I Am Legend. No, not a film about me.

17 01 2008

I Am Legend (which would have made a great title for a biopic about me, but alas) was preceded by a lot of hype and this did not bode well. Every film I’ve seen in the last couple of years which was hyped to this level disappointed. Badly. In fact, so badly that some, such as Spiderman 3, felt like a betrayal, a deep emotional wound, scarring me for life. Or at least five minutes.

Luckily I Am Legend bucked the trend. Being such a huge fan of 28 Days Later (which shares some similar plot elements) and having seen the Americans destroy everything that had made it great when they made 28 Weeks Later, I entered the cinema with some trepidation. Had Hollywood managed to ruin a potentially great movie again?

I needn’t have worried. This epic combined some of the best aspects of 28 Days Later with visuals oddly reminiscent of I-Robot (and yet, apart from Will Smith, I know of no connection between the two movies). Speaking of Will Smith, his acting was superb, stitching the comedic, dramatic and emotional threads together beautifully.

One of the more subtle ideas in the film is the way isolation affects the human psyche and Smith nailed this. I’m a fan of films which rely heavily on the lead as a “loner” but thankfully this was more Phone Booth than Castaway. Being a huge lover of dogs (and German Shepherds in particular), though, my favourite character had to be Sam.

The effects were brilliant. Some have claimed the CGI was poor because it looked unrealistic but why on Earth would you want the “infected” to look realistic? Surely the very concept of “realism” dictates that something that is inherently unrealistic (such as the “infected”) look unrealistic, yet with a faint hint of realism? Anyway, what is “realistic” when it comes to things that are, by their nature, not real?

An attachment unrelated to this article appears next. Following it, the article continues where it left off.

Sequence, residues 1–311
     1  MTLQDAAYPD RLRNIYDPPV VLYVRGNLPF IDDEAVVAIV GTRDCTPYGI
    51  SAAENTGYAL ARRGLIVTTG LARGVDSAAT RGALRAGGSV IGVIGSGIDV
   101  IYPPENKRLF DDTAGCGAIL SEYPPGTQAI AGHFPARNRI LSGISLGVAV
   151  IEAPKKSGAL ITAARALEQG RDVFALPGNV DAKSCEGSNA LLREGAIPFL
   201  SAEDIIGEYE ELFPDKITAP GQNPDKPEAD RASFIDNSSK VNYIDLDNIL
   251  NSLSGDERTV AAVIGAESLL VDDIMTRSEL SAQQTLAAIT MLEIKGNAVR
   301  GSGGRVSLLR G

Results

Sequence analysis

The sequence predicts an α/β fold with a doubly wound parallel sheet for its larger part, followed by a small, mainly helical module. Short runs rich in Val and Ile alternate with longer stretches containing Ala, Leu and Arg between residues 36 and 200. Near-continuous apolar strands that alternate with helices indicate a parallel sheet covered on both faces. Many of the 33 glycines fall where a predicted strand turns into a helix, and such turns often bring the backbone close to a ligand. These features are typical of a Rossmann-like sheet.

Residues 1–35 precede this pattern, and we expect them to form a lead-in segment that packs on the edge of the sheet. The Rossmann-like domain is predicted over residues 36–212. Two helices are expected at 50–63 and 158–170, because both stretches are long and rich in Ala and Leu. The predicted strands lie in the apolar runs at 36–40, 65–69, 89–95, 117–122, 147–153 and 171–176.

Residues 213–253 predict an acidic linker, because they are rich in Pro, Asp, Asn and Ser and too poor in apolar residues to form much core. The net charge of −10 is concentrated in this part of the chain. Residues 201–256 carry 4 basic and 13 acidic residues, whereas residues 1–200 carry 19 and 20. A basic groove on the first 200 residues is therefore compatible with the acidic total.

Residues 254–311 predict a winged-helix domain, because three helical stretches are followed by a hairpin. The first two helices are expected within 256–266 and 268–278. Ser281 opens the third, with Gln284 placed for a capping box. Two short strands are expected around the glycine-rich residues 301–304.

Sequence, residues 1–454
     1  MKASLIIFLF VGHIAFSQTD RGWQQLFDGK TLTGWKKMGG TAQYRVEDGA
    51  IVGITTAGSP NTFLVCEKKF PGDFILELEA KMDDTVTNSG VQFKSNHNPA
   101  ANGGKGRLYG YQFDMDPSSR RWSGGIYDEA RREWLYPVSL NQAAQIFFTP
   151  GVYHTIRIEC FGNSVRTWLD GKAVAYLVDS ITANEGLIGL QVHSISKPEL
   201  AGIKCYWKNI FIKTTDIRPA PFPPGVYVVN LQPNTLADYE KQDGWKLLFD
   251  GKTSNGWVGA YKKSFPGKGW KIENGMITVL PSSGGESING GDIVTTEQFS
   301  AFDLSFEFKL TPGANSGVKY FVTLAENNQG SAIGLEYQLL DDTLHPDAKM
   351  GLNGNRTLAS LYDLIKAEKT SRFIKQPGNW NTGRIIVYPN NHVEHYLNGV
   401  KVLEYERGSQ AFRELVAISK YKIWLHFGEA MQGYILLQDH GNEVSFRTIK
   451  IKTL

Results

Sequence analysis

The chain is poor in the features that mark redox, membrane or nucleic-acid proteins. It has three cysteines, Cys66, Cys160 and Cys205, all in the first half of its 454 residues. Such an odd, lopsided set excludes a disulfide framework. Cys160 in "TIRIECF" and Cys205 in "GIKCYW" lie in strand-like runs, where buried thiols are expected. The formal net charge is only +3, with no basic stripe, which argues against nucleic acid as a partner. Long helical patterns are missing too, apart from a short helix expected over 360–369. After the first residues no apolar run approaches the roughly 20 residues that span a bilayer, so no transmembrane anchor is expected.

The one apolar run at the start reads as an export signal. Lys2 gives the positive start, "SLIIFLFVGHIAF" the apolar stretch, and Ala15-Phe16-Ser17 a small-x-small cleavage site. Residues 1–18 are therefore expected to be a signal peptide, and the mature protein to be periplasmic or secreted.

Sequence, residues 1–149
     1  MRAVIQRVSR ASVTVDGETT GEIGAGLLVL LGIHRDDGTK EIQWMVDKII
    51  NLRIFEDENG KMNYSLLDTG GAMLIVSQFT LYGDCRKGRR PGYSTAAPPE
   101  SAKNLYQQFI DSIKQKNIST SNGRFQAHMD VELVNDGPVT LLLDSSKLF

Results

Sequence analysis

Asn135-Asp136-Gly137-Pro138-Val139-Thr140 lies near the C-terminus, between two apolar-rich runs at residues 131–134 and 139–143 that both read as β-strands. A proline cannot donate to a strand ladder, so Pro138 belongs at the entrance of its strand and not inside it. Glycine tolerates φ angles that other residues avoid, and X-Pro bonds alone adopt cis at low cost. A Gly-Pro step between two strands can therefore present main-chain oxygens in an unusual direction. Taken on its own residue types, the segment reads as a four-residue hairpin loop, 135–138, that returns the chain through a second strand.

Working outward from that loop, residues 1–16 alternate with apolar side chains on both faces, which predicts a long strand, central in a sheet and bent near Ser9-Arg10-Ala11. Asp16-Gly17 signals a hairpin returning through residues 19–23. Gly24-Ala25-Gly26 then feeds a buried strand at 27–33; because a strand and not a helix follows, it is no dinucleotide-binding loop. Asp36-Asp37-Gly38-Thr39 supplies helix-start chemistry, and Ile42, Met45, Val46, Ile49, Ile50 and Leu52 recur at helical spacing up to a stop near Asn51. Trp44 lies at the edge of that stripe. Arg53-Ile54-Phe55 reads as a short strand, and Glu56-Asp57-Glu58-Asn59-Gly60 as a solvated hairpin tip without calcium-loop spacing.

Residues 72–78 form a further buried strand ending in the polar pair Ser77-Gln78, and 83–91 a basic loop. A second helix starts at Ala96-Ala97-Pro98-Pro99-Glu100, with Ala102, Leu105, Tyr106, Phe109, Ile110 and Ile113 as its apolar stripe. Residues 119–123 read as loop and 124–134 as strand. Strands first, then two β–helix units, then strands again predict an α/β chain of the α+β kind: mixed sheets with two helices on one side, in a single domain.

No, the goal here was making the infected look unreal enough to actually be more disturbing than 28 Days Later (which wasn’t at all frightening, even if the social commentary aspects were intriguing) but scarily “real” at the same time, having that slightest shred of humanity visible in the eyes. The use of light and dark and cleverly built suspense kept you on the edge of your seat throughout and I even jumped out of my skin a couple of times. Bear in mind that I’m very difficult to scare.

My only hope now is that the next hugely hyped film that I’m really looking forward to (after I see Sweeney Todd and Charlie Wilson’s War, naturally), Iron Man, is remotely as good. That’s one that’s been on my “must see” list for a few years now, ever since the rumours of it first surfaced. If it is anywhere near as good as I Am Legend I won’t be disappointed. As for I Am Legend, It Was Legendary.



3 responses

17 01 2008
Jayne d'Arcy

I do agree this was a great film, but I have to disagree with the CGI infected. Although a bit more fluid than what I’ve seen in console games, to me they weren’t realistic and they weren’t scary. The tension was built up well, but when the first infected is seen, I was disappointed. It’s the same feeling I had with the incredibly scary Bogeyman. Great movie until the stupid CGI bogeyman showed up and ruined it all. I do enjoy CGI, but there are times when I’d like to see a real actor element behind the scary guy.

17 01 2008
Mr President

See for me they weren’t supposed to be realistic. In fact if they’d looked real they wouldn’t have been at all frightening because they would have looked like people in makeup. That’s why I’d take CGI over a real actor.

I suppose we have differing expectations. For me these “scary guy” characters should look unreal. It’s the LACK of realism that makes them frightening, almost “otherworldly”, which is the goal.

11 05 2008
I Want To Be Iron Man « Textual Relations

[…] of his mind telling him that given the build-up it could be a massive disappointment. Thankfully the last time he’d had this sense of dread it proved to be unwarranted and so it proved once […]

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